Now a Fellow in Leadership Development Institute through CalSAC, he continues his journey to be an advocate for youth and socio-emotional learning while developing the passion and skills of tomorrow’s youth developers.

If you want to build a ship, don’t drum up people together to collect wood and don’t assign them tasks and work, but rather teach them to long for the endless immensity of the sea.
— Antoine de Saint-Exupéry


Sarah Izquierdo has been working in Poway Unified School District’s Extended Student Services for the past seven years. It began as a side job to get her through college, but she quickly discovered this was where she wanted to be. She is now an ESS Supervisor and loves every wacky, hectic, fun loving minute of it. Sarah will find any reason to get out of her office and meet the kids on the playground, excite and engage them with a STEAM activity, or encourage them through their homework.

Growing up Sarah always knew she wanted to work with kids. Over the years, her goals seemed to endlessly morph; ranging from a high school history teacher, a kindergarten teacher, and even a biology professor. While these goals have ebbed and flowed one thing has remained constant, a passion for impacting children’s lives in a positive way. Sarah has found her niche at Extended Student Services in San Diego’s Poway Unified School District.

Sarah loves before/after school because of the sense of safety, security and growth that is provided for these children. While ESS may not be a typical classroom setting, students are learning priceless life lessons regarding social skills, communication, and establishing trust. This positive environment is so vital, as many of these children will be here from six in the morning all the way until six at night.

For me, it is far better to grasp the Universe as it really is than to persist in delusion, however satisfying and reassuring.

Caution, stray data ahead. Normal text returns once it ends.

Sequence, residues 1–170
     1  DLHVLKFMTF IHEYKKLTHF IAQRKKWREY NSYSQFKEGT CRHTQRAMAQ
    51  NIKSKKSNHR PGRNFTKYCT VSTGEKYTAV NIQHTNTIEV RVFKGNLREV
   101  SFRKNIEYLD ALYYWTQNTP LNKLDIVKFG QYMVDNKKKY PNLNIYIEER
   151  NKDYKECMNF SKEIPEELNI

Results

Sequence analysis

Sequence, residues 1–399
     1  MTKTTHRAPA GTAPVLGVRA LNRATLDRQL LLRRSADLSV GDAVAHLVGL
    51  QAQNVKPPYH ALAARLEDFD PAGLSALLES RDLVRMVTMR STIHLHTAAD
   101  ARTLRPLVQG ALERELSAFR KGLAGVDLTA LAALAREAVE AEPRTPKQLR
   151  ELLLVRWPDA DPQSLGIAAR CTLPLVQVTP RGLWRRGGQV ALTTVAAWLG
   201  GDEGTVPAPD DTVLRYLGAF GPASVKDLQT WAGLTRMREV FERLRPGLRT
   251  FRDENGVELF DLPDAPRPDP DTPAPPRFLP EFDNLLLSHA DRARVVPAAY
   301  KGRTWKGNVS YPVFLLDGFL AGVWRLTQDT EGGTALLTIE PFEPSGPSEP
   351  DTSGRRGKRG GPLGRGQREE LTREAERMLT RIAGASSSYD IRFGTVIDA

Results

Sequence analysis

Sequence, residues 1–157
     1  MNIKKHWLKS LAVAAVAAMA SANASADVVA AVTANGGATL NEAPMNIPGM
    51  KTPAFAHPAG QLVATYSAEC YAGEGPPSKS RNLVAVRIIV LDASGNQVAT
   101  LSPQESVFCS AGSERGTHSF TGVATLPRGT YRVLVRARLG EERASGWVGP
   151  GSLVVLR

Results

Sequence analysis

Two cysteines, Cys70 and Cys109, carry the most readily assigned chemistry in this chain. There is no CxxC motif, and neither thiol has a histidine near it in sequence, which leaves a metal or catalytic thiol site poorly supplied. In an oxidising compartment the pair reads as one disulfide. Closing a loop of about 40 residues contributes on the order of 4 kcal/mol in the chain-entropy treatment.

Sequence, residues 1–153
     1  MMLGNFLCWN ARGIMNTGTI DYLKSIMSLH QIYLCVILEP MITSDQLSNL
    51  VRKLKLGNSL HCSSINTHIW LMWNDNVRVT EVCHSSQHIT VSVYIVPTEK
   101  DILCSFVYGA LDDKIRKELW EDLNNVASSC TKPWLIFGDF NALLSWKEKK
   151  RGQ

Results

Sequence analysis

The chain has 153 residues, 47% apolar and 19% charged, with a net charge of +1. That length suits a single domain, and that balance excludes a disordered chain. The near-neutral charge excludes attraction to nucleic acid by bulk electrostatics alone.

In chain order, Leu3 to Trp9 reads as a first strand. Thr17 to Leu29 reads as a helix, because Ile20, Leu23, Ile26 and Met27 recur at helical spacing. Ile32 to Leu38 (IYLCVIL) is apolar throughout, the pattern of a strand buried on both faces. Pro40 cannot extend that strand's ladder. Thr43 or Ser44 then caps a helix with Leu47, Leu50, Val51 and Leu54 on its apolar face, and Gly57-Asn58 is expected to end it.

— Carl Sagan

Sarah grew up in a small town in North County San Diego, her schools didn’t offer on-site childcare and many children walked home or hung around local parks unsupervised. Being shy, Sarah had a hard time finding her place and struggled amongst her turbulent home life. She found support from teachers and mentors that gave her a sense of empowerment and belonging. Sarah gives back by being that support system that she felt she lacked growing up. ESS is a place where she can connect with students and empower them to persevere, even when life feels overwhelming.   

Sarah is currently working hard planning summer for her site. This will be her third year at one of PUSD’s largest ESS sites. For Sarah, summer will be full of field trips to the beach, lost sandals, endless sunscreen, a little yoga, art club, garden club, karaoke club, counting kids on the bus, waiting for the bus, dealing with cuts, scrapes and bee stings, and she wouldn’t want it any other way.

In Sarah’s free time you can expect to find her running with her dog, Sagan, hiking with her husband, Vilas, or teaching/practicing yoga.


Amy Jewett was born and raised in the San Francisco Bay Area and is a quintessential Californian. Above all else, Amy is a true optimist and a lover of people, animals, and the environment. As a vegan, Amy lives her life with the intention of making choices that better those around her with the ultimate goal of leaving the planet a better place than she entered it.